April was my favorite month of the entire year for almost a decade.
It was that time of the year when one could see from close quarters the effects of the annual nautanki known as performance appraisal.
Picture a team of twenty at a successful Indian company that has just been told their annual performance ratings. Those with the best ratings can be seen floating around for the next few weeks like a hot air balloon, as if they were an Alexander who has conquered half the world. And then those with a sub-par rating will be seen walking around with stooped shoulders as if the world has suddenly come crashing down.
The reaction obviously emerges from a different place, not from logic and rational thought. It is the perceived unfairness of the evaluation mechanism and the perceived lack of distributive justice that gets to people. Here you are feeling miserable because your colleague got a better deal than you did. Or maybe you are feeling good about yourself because you got a better deal than all your colleagues.
The organization you work for just succeeded in a very devious way. By controlling your frame of reference for self-evaluation, it has covertly influenced how you feel about yourself. This is just one of the many examples where reference classes are chosen for you by systems that do not necessarily have your best interest at heart. What is good for the employee need not be good for the employer and vice versa.
Choose your own reference class, do not let others make that choice for you. Whoever makes that choice for you can tie you up in things you wouldn’t have cared about, left to yourself.
The cost of not making your own choices is that someone else makes those choices for you.
In the context of personal growth, becoming a CXO at 45 can lead to you becoming financially independent but it does not necessarily lead to you becoming mentally independent. I have known a few people who are worth USD 10 Mn+ but have no damn clue of how to spend their time productively if they are left to themselves, they need some external source to set the direction for them. Their sense of self-worth is so intricately tied to their professional titles that once those are gone, they are rudderless. There is a reliance on external systems to be productive and for their daily lives to appear meaningful.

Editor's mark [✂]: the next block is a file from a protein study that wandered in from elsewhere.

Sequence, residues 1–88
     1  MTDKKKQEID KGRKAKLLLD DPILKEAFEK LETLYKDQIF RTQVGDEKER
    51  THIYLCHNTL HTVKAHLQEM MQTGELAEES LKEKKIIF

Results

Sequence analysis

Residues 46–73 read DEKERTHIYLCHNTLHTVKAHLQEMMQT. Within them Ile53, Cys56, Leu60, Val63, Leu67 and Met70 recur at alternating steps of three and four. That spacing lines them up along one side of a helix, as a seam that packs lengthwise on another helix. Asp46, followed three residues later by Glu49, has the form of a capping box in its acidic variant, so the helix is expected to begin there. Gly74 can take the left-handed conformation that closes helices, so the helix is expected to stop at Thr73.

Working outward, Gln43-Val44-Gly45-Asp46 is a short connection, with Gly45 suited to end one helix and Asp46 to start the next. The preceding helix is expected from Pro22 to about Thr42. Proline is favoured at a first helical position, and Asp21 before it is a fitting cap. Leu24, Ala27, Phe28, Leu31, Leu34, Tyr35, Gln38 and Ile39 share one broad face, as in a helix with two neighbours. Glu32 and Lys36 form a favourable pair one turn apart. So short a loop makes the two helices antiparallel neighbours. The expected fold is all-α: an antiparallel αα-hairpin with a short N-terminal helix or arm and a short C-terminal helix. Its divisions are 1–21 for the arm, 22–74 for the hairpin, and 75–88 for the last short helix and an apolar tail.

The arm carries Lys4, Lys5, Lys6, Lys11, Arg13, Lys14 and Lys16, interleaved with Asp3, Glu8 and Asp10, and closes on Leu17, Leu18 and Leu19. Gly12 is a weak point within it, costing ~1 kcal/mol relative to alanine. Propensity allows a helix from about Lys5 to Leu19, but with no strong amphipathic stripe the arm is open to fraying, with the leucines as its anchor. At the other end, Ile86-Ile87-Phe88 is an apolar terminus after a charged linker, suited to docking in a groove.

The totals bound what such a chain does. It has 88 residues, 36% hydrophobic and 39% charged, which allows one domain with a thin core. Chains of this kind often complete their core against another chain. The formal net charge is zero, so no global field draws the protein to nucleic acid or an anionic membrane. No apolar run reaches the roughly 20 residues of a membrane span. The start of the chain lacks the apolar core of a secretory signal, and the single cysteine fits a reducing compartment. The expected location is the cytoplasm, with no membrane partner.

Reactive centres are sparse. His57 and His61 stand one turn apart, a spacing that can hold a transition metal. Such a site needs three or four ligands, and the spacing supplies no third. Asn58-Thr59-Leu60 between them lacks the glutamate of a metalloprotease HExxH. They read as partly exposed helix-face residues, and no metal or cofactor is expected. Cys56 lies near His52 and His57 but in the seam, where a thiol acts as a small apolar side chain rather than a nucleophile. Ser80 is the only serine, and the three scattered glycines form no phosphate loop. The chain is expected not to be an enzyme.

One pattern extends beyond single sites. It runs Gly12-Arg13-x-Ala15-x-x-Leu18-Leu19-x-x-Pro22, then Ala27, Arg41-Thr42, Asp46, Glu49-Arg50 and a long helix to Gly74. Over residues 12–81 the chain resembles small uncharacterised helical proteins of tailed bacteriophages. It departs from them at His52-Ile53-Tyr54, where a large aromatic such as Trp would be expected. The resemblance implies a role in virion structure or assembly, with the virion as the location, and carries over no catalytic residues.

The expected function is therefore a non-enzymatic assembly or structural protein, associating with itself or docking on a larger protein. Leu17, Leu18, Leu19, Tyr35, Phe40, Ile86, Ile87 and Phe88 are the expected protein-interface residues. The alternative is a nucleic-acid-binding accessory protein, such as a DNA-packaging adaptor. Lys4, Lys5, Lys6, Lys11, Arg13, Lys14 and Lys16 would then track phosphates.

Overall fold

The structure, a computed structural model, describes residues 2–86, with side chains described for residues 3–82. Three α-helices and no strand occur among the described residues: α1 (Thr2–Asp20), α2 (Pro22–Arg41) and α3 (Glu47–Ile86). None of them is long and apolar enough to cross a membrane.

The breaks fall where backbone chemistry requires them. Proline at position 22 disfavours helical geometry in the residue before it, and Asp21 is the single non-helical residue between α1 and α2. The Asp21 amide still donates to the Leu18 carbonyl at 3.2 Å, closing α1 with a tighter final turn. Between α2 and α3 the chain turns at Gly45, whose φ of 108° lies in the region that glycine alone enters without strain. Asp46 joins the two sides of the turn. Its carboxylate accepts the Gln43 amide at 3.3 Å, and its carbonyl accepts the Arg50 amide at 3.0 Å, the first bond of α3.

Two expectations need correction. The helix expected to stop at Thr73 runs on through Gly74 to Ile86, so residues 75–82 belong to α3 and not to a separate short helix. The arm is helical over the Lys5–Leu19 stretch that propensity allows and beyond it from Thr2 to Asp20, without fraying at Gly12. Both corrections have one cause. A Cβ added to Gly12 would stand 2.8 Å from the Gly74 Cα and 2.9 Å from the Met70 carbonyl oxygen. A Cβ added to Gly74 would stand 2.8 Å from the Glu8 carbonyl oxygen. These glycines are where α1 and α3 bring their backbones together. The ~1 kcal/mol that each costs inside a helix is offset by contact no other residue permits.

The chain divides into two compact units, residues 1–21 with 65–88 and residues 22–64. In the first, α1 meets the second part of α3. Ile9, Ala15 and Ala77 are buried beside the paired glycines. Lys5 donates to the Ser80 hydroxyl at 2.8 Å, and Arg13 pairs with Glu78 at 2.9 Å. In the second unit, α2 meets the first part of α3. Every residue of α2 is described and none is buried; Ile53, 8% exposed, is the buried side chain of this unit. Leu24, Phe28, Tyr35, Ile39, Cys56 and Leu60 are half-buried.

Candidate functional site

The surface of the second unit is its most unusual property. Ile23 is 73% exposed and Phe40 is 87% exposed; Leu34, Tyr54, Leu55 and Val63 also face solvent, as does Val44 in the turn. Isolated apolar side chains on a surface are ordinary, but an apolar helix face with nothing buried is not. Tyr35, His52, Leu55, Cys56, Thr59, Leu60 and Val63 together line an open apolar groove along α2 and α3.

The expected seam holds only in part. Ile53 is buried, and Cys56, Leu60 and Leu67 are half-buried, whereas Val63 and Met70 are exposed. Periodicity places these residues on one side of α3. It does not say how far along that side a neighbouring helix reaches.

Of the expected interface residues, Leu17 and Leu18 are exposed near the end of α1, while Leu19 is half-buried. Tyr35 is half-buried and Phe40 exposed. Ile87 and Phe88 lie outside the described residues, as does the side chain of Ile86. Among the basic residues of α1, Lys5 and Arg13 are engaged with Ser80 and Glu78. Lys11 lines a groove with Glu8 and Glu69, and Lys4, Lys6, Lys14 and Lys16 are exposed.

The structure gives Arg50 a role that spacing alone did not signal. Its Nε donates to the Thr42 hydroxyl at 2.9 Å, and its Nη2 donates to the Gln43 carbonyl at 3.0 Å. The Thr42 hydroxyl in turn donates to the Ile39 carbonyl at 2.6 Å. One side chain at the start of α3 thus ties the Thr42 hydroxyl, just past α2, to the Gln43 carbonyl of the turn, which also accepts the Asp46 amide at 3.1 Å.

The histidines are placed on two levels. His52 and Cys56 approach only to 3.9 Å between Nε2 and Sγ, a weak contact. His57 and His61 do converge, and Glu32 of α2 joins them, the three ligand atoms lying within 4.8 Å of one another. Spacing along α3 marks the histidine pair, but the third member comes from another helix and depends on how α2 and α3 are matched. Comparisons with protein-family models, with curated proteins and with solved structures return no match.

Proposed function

On the other hand, I know some entrepreneurs who aren’t worth 10% of that but have a tremendous sense of purpose in life. They are up and running the moment the sun is up, not due to any external factor but due to their sense of drive which is independent of how successful they are. These people deal with stress almost daily, but of the positive kind. Here there is a reliance on internal systems.
There are pitfalls and benefits on either side, that is not the point. The point is that you must choose which side you want to be on. Else there is every chance that you end up running a race you do not care about, given that someone else will make that choice for you.
One of the more sustainable ways of making decisions is to attempt to minimize regret, rather than to maximize gain or to minimize loss. You can do this only if you have done some soul searching on what makes you tick as an individual and what your intrinsic preferences are; not the preferences that have been programmed into you by peer pressure and social conditioning.
This works in investing too, some of the most evolved investors I know care about process clarity too and not just the investment outcomes. Their ability to say “I am not going down that path” more often than not allows them to see investing as a steady race that can be enjoyed, not as a race that one needs to suffer while perennially looking over the shoulder.